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  1. Twelve Monkeys, Slaughterhouse Five, Ray Bradbury, Theodore Sider, David Lewis, David Deutsch & Michael Lockwood (2009). Space and Time. In Susan Schneider (ed.), Science Fiction and Philosophy: From Time Travel to Superintelligence. Wiley-Blackwell.
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  2. Michael Lockwood (2005). The Labyrinth of Time: Introducing the Universe. Oxford Up.
    Lockwood's aim is not just to boggle the mind but to lead us towards an understanding of the science and philosophy. Things will never seem the same again after a voyage through The Labyrinth of Time.
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  3. Michael Lockwood (2003). Consciousness and the Quantum World: Putting Qualia on the Map. In Quentin Smith & Aleksandar Jokic (eds.), Consciousness: New Philosophical Perspectives. Oxford University Press. 447.
  4. Michael Lockwood (1999). Humans Valuing Nature: Synthesising Insights From Philosophy, Psychology and Economics. Environmental Values 8 (3):381 - 401.
    A rational process for assessment of environmental policy options should be based on an appreciation of how humans value nature. Increased understanding of values will also contribute to the development of appropriate ways for us to relate to and manage natural areas. Over the past two decades, environmental philosophers have examined the notion that there is an intrinsic value in nature. Economists have attempted to define and measure the market and nonmarket economic values associated with decisions concerning natural areas. Psychologists (...)
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  5. Michael Lockwood (1998). The Enigma of Sentience. In Stuart R. Hameroff, Alfred W. Kaszniak & A. C. Scott (eds.), Toward a Science of Consciousness II. MIT Press. 66-77.
     
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  6. Michael Lockwood (1998). Unsensed Phenomenal Qualities: A Defence. Journal of Consciousness Studies 4 (4):415-18.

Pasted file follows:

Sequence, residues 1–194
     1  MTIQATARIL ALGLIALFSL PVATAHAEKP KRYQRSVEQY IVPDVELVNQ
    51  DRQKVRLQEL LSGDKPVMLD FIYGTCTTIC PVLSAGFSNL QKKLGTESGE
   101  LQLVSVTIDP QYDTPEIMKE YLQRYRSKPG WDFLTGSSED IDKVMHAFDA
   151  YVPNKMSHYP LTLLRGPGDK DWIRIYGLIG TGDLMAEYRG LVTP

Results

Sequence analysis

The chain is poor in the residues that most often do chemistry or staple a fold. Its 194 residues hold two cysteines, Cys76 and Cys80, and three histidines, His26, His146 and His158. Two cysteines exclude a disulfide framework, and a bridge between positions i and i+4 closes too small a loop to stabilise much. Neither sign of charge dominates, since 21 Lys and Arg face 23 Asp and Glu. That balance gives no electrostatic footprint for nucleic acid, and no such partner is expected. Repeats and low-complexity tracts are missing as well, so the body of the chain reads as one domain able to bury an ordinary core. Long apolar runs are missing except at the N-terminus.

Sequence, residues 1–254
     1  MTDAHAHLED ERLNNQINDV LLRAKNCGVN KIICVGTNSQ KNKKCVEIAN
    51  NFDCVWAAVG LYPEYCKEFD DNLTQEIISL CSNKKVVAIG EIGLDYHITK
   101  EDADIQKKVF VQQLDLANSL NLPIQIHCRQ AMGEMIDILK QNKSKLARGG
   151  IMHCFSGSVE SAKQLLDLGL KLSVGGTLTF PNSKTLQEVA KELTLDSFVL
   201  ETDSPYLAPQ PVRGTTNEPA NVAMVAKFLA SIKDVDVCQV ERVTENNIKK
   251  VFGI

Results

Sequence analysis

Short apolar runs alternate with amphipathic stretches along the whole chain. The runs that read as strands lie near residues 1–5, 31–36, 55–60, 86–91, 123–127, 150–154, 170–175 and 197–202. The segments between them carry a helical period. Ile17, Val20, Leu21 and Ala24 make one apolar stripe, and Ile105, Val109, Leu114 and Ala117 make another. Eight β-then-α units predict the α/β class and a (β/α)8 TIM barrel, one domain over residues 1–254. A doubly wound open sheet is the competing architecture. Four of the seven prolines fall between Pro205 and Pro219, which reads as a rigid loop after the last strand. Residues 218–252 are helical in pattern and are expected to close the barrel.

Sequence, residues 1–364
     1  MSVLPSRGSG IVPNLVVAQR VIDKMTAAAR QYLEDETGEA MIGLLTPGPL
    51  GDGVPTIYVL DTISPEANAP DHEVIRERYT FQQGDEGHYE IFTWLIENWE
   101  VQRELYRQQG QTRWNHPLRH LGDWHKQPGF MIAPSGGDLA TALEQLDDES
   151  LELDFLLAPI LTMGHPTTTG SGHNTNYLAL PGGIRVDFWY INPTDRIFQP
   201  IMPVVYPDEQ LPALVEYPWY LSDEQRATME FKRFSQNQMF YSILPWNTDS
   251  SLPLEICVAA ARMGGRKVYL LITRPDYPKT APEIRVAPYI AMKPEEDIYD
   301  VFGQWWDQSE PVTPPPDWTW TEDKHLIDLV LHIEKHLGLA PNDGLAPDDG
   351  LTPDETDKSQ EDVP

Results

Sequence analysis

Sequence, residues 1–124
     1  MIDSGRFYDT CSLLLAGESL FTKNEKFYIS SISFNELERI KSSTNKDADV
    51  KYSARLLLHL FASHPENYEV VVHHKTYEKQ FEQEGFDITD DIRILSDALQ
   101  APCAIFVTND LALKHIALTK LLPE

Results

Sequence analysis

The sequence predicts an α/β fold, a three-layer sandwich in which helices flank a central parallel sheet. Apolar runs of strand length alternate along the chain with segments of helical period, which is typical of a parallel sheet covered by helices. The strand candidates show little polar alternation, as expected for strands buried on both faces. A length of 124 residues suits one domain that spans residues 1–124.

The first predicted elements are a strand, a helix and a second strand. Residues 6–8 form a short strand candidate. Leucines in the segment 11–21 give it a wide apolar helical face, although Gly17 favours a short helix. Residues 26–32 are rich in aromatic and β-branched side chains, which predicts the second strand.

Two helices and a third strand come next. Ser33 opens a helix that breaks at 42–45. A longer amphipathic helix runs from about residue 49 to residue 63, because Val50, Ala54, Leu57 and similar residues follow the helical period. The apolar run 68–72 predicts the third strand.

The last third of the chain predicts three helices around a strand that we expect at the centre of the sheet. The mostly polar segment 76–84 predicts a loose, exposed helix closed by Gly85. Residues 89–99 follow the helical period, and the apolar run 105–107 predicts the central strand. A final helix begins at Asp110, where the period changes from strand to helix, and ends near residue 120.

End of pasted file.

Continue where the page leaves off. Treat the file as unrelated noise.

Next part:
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  7. Michael Lockwood (1997). As Time Goes By. International Studies in the Philosophy of Science 11 (1):35 – 51.
    The concept of temporal flow has been attacked both on the grounds that it is logically incoherent, and on the grounds that it conflicts with the theory of relativity. I argue that the charge of incoherence cannot be made to stick: McTaggart's argument commits the fallacy of equivocation, and arguments deployed by Smart and others turn out to be question-begging. But objections arising from relativity, so I claim, have considerably more force than Lucas acknowledges. Moreover, the idea of equating the (...)
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  8. Michael Lockwood (1996). End Value, Evaluation, and Natural Systems. Environmental Ethics 18 (3):265-278.
    I develop a general framework for natural and human values based on the position that end value is constructed by persons, but not wholly referent to them, identify and analyze three hierarchically related levels of end value in relation to the functional values which support them and the held and ascribed values generated by entities possessing teleological value, use this framework to indicate the context in which economic values should be located, and assess the implications of the framework for environmental (...)
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  9. Michael Lockwood (1996). Many-Minds Interpretations of Quantum Mechanics. British Journal for the Philosophy of Science 47 (2):159-88.
  10. Michael Lockwood (1996). 'Many Minds' Interpretations of Quantum Mechanics: Replies to Replies. British Journal for the Philosophy of Science 47 (3):445-461.
  11. Michael Lockwood (1995). Tissue Donors and Research Subjects to Order: Some Kantian Concerns. Revue Internationale de Philosophie 49 (193):265-284.
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  12. Michael Lockwood (1994). Andrew Markus. Contemporary Issues in Bioethics 303 (6798):182.
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  13. Michael Lockwood (1994). Issues of Unity and Objectivity. In Christopher Peacocke (ed.), Objectivity, Simulation, and the Unity of Consciousness. Oxford University Press. 89--95.
     
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  14. Michael Lockwood (1993). Dennett's Mind. Inquiry 36 (1-2):59-72.
    Drawing on data from contemporary experimental psychology and research in artificial intelligence, Dennett argues for a multiple drafts model of human consciousness, which he offers as an alternative to what he calls Cartesian materialism. I argue that the considerations Dennett advances do not, in fact, call for the abandonment of Cartesian materialism. Moreover, the theory presented by Dennett does not, as he claims, succeed in explaining consciousness; in particular, it fails to do justice to qualia. Illuminating though Dennett's discussion is, (...)
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  15. Michael Lockwood (1993). The Grain Problem. In Howard M. Robinson (ed.), Objections to Physicalism. Oxford University Press.
  16. Andy Clark, Michael Lockwood & Roger Penrose (1990). The Stuff of ConsciousnessMind, Brain and the Quantum.The Emperor's New Mind. Philosophical Quarterly 40 (161):509.